World of Warcraft RPG: Dark Factions - Luke Johnson Q&A

The World of Warcraft Roleplaying Game Line has been robust with variety over the past few years. Not only are they purchased by d20 system players, and RPG fans, but by Warcraft III and World of Warcraft players hungry for some Warcraft canon lore about the regions, culture, faith and races found everywhere in the world of Azeroth.

Of all the World of Warcraft RPG Books, besides the Monster Guide, the World of Warcraft RPG: Dark Factions has been the most awaited anxiously by fans.  This book has taken around three years to develop for various technical reasons. Fans haven’t been thwarted by this. Every month there was a discussion on the White Wolf Publishing forums: “When is Dark Factions coming out?”.  Fans don’t just want this book. They crave it with a passion. The reason?  It’s content.

With World of Warcraft RPG: Dark Factions coming out to bookstores (on April 30th, 2008), Blizzplanet contacted Luke Johnson (World of Warcraft RPG Developer) from White Wolf Publishing to discuss details of this Blizzard-Licensed product. Here are some of the questions submited by the Warcraft Lore Community.

1. First question. Why was the book delayed for so long?—by malcom_west

This book includes more new lore (at least, it was new at the time we wrote it), and the process of gaining and verifying it took some time. I wrote an article for about the process of converting the computer game into a tabletop RPG; it might clarify things a bit. You can see it here.

2. There have been a good number of inconsistencies when it comes to the RPG, RTS and MMO stacking up against each other. Will this RPG edition, since it took so much longer to make than the others, be specifically written to fit with the MMO better? – by Omacron

Our hope is that everything, especially in the new edition of the game, matches up with established Warcraft lore. One problem is that, at best, we write a book about 8 months before it hits shelves. Thanks to the fluid nature of video game development, that means that what we wrote down as accurate 8 months ago may no longer be appropriate. I suspect that most inconsistencies to which you refer are of this nature.

3. The WoW RPG seems to have slipped into decline of late. What used to be an interim of a few months between books mushroomed to over a year since the Monster Guide. What kind of steps were taken, if any, to reinvigorate the WoW RPG and, potentially, make it more relevant to players of the Warcraft video games and table top players alike?—by Nephalim

I’m hoping everyone will think Dark Factions kicks ass. Along with all the cool game elements, it includes new Warcraft lore, which isn’t available anywhere else (to my knowledge), such as the history of the goblin race.

4. The Monster Guide in particular, which was full of only in-game models with smoother edges and lines, was a great disappointment, especially when compared with the Manual of Monsters which had an art piece for virtually every entry, most of which was new. Does the development team feel the same way? Can we expect more of the same, or has art been given more attention in Dark Factions?—by Nephalim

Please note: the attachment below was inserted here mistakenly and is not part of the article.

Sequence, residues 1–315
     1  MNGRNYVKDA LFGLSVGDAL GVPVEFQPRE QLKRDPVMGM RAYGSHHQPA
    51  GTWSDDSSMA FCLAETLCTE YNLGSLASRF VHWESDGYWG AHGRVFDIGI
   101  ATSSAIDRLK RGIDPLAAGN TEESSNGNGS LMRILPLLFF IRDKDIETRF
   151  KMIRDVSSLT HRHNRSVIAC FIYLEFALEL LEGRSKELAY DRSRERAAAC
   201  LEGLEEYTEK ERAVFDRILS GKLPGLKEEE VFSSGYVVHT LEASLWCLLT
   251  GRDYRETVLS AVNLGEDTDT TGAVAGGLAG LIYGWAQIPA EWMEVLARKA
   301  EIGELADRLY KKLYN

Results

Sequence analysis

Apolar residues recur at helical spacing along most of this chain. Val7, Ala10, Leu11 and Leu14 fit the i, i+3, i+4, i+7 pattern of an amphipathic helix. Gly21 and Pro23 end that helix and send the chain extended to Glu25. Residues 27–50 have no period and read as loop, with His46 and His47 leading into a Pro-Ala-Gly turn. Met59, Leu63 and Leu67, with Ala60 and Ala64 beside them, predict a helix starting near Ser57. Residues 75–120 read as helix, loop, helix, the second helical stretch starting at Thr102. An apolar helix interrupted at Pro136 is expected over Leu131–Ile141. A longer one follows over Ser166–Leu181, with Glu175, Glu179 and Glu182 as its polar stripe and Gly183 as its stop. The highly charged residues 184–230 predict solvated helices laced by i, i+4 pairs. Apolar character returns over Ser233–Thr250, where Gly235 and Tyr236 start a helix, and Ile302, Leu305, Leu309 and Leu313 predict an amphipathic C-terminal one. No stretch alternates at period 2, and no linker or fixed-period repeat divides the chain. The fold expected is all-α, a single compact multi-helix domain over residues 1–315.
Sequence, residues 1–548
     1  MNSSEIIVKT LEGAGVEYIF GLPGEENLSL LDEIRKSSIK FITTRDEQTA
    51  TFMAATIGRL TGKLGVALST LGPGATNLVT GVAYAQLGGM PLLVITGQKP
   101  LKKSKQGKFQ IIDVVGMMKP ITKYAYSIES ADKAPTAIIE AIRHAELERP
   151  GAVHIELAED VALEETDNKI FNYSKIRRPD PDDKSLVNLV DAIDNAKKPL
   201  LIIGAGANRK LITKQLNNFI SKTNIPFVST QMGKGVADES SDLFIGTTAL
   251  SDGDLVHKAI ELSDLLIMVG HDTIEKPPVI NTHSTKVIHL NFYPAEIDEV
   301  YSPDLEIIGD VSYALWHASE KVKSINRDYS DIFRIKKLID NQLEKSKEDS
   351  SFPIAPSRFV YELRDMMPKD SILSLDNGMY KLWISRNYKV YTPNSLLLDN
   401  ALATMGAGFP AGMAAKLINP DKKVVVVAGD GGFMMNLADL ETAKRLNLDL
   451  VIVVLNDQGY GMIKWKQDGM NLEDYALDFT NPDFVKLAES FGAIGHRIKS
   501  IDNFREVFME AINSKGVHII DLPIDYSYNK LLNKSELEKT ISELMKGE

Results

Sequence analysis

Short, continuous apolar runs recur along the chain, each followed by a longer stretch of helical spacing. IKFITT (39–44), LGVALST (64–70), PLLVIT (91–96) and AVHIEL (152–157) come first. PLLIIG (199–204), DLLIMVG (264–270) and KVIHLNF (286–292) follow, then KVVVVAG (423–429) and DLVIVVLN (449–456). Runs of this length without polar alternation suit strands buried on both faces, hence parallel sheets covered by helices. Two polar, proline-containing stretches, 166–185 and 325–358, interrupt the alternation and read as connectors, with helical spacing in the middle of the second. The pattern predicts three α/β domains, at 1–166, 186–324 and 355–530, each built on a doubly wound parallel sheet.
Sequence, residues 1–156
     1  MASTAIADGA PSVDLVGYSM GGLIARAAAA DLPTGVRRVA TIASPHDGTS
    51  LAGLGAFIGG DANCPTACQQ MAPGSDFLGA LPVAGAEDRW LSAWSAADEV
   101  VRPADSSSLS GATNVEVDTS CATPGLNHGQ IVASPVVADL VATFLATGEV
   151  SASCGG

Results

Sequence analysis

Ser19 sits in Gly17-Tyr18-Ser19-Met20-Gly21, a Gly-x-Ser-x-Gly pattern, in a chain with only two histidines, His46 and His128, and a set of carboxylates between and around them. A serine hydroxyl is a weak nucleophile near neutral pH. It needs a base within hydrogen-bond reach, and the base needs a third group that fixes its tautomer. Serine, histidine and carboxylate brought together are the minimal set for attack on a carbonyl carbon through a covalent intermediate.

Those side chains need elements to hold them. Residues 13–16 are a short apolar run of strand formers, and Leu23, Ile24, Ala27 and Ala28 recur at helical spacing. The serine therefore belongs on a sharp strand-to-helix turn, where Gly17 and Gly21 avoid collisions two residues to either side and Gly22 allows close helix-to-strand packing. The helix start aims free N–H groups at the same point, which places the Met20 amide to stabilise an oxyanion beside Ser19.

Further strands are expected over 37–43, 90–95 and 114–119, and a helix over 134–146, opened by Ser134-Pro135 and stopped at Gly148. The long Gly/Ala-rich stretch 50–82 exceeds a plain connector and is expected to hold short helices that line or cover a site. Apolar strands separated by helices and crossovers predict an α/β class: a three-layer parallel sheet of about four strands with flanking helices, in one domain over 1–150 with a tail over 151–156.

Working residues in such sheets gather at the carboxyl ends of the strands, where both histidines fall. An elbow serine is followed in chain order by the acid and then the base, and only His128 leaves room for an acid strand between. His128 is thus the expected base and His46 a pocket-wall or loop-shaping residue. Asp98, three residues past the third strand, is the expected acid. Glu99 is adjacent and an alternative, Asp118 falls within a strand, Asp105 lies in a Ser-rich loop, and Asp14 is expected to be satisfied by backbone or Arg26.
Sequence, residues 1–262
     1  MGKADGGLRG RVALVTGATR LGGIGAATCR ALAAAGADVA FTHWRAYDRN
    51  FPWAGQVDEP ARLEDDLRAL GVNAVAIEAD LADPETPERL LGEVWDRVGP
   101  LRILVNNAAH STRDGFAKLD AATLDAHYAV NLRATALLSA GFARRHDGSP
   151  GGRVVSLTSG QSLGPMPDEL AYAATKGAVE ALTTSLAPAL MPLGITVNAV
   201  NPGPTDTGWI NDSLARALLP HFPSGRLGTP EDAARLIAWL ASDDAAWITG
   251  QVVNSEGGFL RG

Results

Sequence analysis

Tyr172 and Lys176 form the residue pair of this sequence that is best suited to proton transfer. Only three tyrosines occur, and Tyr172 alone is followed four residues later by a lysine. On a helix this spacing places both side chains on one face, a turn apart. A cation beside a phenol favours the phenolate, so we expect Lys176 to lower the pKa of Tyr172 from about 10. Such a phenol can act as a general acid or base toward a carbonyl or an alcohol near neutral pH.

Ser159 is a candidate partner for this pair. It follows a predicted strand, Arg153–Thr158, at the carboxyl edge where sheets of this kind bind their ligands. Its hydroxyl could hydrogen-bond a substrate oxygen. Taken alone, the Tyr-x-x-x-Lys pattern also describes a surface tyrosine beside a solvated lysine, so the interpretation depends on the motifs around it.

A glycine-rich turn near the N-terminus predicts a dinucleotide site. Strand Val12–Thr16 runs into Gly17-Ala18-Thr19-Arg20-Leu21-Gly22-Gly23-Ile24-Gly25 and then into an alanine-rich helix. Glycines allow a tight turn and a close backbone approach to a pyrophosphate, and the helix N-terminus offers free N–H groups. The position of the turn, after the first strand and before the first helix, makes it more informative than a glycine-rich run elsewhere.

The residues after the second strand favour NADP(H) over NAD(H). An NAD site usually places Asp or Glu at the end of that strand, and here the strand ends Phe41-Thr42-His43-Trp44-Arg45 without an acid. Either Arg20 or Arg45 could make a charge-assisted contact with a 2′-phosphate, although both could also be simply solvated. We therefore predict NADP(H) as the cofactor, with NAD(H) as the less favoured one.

I think the art for the Monster Guide was awesome. It all looks great, no matter where it came from. If we commissioned a hand-drawn piece for each monster, the book wouldn’t have been full-color, for one, and may have been sparser on content to boot.

All the art in Dark Factions is hand-drawn. I think it’s mostly from the UDON studio

5. Will each of the Old Gods be named? Including the ones already dead (like the one in Darkshore). How much of their past and present story will be featured?—by Tharion @ Earthen Ring

Dark Factions describes the Twilight’s Hammer cult, which reveres the Old Gods, but does not include much information on the Old Gods specifically. Blizzard controls how new information about the Warcraft universe is released, and they didn’t want us to include much Old God stuff in the book. I agree with them these beings are mysterious, and I’m sure Blizzard has much cooler ways of revealing this sort of information.

6. Since this is about Dark Factions, Will there be a module included, based on the Scythe of Elune, Arugal & the Worgen, and the Dark Riders of Karazhan story lines? If not, could you consider with Blizzard Entertainment and White Wolf Publishing a downloadable supplemental about them? They pretty much fit into the Dark Faction vibe.—by Drahliana @ Earthen Ring

The book does include a couple adventure modules, much as the Alliance Player’s Guide and Horde Player’s Guide do. Neither of them deals with the events and characters you mention. No plans are currently in development for a supplement of this nature… which means it’s up to the fans to make their own!

7. The Naga, Dark Iron Dwarves, Quillboars, and Satyrs already have Racial classes in the Monster Guide and the Murloc Racial Class is covered in the Lands of Mystery. Why the redundancy? How much new material are we getting here?—G-ForceTG and malcom_west

Each race of Dark Factions gets a full racial write-up of the sort that appears in the WoW RPG core book with entries for Description, Appearance, Region, Affiliation, Faith, Names, and Racial Traits. We felt that these races were some of the most important dark factions in the Warcraft world, and we wanted to do them justice by writing them up as full-on player character races. The racial classes associated with them are the same as those that appeared in the Monster Guide; but it would have been awfully silly of us to include the entire racial description and then leave out the racial class!

8. Will this book provide any real, new information regarding the New Lich King?

We wrote this book before any information on the New Lich King was available.

9. Why is there no Pandaren Culture and History in Dark Factions Chapter 6?—by SBulla

I imagine that a number of fans might look at the table of contents and say, What, they left out [blank]? Sorry about that most of [blank], whatever it is, is really cool, and I would have loved to have been able to include it. However, the issue is similar to that with the Old Gods: Blizzard likes to release some new information via the RPG books (e.g., goblin history) and some they like to release in other ways.